J-K, Punjab to resume work on major dam

Days before its annual Indus Water Commission meeting with Pakistan in Lahore, India has stepped up efforts to build infrastructure to utilise its legitimate share of water from the eastern rivers (Ravi, Beas and Sutlej) of the Indus system. Giving impetus to the move, two states, Jammu - Kashmir and Punjab, have reached an agreement to resume work on the ambitious Shahpur Kandi dam project.
The 55.5 m high dam, located in Gurdaspur district of Punjab, will help in providing irrigation to 5,000 hectares of land in Punjab and 32,173 hectares in J&K, besides generation of 206 MW power. The construction of Shahpur Kandi project was taken up in May 1999 but halted in 2014 due to the dispute between Punjab and J&K.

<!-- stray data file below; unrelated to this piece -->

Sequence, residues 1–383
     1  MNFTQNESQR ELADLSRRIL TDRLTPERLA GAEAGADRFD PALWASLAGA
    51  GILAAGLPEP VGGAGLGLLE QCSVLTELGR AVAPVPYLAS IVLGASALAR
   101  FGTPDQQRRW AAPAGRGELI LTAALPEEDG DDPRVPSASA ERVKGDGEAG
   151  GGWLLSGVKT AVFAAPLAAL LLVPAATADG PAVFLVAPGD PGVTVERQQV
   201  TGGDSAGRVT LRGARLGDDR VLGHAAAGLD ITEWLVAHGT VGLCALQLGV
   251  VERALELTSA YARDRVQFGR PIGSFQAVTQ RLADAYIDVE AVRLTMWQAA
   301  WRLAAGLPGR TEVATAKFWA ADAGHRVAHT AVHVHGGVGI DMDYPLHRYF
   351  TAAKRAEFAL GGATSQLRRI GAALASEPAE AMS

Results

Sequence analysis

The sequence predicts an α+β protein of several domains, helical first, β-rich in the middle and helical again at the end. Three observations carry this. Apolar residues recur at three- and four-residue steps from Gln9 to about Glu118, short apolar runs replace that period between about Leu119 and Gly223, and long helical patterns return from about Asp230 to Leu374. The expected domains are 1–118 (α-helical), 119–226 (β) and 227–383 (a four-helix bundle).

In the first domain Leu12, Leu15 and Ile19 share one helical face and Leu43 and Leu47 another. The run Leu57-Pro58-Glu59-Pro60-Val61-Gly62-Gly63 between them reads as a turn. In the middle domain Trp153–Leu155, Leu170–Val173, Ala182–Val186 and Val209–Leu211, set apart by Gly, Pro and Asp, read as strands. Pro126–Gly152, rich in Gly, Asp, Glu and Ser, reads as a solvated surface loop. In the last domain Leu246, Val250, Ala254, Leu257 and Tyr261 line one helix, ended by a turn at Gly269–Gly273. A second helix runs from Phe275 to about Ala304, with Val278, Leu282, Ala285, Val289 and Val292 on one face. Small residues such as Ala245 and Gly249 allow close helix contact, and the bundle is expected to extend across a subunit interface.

The move to resume work will give a boost to the country's strategy to utilise its entire share of water under the Indus Water Treaty.

Though India had decided not to engage with Pakistan through the Indus Water Commission post-Uri terror attack last year, it has recently decided to resume the dialogue through the commission, whose next meeting will be held in Lahore later this month. The commission is a mechanism to resolve any dispute between the two countries over sharing of waters of the Indus river system under the IWT. Under the IWT, signed between the two countries in 1960, the waters of eastern rivers are allocated to India. Though India is under obligation to let the water of the western rivers (Indus, Jhelum and Chenab) flow, it is permitted to construct storage of water on western rivers up to 3.6 million acre ft.

India has, however, not developed any storage facility so far. India has also not tapped its full quota of water under the treaty .

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